"What's alarming about the desire to subordinate traditional dress codes to personal preferences is that too often those who want to make the most radical departures are those who are the most poorly positioned, in terms of career survival and advancement, to do so: young, inexperienced black professionals who are in the vulnerable early stages of their careers. It's the equivalent of an unproven third-year player trying to enjoy the privileges accorded a 10-time All-Star."

    Read the rest here.
    ---------------------------------------------

    I really hope our YOUNG PEOPLE know what's in store for them when they want to get invovled with HIGHER ELEMENTS in the COMMUNITY.

    You have to lose something, to gain sometimes in these types of situation, I guess.
     
  2. oldiesman

    oldiesman Well-Known Member MEMBER

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    no dreadlocks...

    another thing put upon us to do business with ol massa,it's sad that in this NEW CENTURY some companies still feel threatened with the way someone wears thier hair,yes they call it dressin for success blah blah blah,but in reality it's a form of control and it's outdated it's what's in the head that counts not what's on top.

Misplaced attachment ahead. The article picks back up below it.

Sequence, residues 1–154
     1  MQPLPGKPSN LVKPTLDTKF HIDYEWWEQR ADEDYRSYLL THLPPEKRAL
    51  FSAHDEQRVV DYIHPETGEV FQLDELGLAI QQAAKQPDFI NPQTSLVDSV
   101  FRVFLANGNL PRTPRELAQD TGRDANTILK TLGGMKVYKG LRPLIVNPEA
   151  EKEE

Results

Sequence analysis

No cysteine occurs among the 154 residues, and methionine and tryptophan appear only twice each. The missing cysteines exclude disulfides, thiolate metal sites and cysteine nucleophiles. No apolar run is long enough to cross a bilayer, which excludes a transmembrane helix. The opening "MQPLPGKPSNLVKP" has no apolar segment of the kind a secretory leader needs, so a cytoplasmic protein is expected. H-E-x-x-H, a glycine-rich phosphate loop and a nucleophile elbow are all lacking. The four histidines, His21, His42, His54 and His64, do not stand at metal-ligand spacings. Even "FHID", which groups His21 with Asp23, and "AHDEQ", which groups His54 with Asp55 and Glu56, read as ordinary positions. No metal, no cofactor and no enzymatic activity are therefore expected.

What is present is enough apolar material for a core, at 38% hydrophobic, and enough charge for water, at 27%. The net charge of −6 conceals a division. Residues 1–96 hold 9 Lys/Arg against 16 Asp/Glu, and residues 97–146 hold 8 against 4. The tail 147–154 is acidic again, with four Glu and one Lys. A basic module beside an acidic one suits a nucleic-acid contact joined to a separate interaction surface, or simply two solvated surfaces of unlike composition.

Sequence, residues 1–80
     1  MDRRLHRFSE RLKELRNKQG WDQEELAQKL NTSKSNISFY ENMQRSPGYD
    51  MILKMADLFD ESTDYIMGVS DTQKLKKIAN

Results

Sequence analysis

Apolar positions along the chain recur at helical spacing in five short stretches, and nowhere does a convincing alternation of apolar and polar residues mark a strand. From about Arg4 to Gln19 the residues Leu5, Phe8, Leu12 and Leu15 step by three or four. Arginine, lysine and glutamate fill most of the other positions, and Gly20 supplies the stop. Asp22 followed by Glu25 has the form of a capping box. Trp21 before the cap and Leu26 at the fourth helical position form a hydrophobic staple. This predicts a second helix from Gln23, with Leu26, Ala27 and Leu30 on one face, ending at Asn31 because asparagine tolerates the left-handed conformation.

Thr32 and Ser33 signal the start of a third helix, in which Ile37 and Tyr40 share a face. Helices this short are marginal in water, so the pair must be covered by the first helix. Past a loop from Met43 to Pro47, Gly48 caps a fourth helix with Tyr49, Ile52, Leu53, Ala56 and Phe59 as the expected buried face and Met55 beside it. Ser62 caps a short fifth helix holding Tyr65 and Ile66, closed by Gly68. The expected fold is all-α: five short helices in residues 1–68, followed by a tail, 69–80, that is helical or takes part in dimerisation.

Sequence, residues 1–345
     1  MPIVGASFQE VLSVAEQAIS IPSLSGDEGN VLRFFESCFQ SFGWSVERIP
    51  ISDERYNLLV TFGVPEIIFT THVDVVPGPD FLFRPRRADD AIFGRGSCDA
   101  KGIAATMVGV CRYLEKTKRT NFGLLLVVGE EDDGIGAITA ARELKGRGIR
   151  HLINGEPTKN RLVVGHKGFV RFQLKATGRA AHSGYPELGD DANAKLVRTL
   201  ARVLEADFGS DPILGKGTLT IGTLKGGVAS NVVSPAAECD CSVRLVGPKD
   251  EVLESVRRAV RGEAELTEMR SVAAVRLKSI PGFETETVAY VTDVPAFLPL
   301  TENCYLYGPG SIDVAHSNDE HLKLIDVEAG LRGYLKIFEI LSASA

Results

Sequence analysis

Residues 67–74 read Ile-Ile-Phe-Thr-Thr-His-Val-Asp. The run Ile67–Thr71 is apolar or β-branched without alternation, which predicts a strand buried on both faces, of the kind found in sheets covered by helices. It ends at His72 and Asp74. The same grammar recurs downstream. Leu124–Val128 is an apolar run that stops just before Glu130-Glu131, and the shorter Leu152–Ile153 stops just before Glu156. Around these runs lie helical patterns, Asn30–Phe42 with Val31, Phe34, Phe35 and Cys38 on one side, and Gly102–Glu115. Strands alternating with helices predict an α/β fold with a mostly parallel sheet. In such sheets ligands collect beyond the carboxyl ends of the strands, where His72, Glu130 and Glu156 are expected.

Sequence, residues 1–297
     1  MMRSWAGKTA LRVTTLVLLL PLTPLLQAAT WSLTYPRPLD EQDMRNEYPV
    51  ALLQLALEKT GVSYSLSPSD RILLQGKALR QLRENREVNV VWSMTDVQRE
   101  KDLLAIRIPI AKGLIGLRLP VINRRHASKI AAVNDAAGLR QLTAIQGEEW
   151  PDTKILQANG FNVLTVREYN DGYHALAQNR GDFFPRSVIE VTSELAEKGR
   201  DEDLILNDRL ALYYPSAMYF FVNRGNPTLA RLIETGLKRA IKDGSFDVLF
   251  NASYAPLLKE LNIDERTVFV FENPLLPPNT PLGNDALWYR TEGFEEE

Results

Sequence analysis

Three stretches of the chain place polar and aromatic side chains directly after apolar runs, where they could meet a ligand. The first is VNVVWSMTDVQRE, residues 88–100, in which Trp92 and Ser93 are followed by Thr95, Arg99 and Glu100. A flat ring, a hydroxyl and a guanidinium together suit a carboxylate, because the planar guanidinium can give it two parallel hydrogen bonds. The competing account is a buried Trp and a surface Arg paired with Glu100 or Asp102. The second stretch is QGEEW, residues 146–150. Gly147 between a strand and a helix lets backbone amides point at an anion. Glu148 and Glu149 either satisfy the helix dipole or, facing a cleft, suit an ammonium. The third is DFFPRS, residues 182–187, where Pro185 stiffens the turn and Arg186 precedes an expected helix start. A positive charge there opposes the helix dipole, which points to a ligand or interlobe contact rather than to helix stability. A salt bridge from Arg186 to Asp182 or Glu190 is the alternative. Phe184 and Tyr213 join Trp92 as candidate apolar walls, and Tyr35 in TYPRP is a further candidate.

3. backtoafrica

    backtoafrica Well-Known Member MEMBER

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    This isn't anything new. There have been many cases where blacks have been discriminated against for wearing natural styles. I'd do something about it.
     
  4. Agent_Jack

    Agent_Jack Well-Known Member MEMBER

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    I guess he does not want to intimidate any of his white business constituents.
    Its all about a mighty dollar. If there were enough black businesses and sponsors he could break bread and build with, his whole staff would probably look like extras from the movie ROOTS.
     
  5. IfUComeSoftly

    IfUComeSoftly Well-Known Member MEMBER

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    i can say, "DAMNNN!" but i nkow when i have business dealings, 99.9999%, i put a hot comb to the fro and i make sure i dont' have braid or twists cause i know the game. and... i'm really not surprised... in matters such as these we're harder on each other then others are on us.
     
  6. $$RICH$$

    $$RICH$$ Lyon King Admin. STAFF

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    It's no shock that many natural hair blacks with dreads are pushed out
    the corpra world is about Money and anything they feel is harmful they dismised.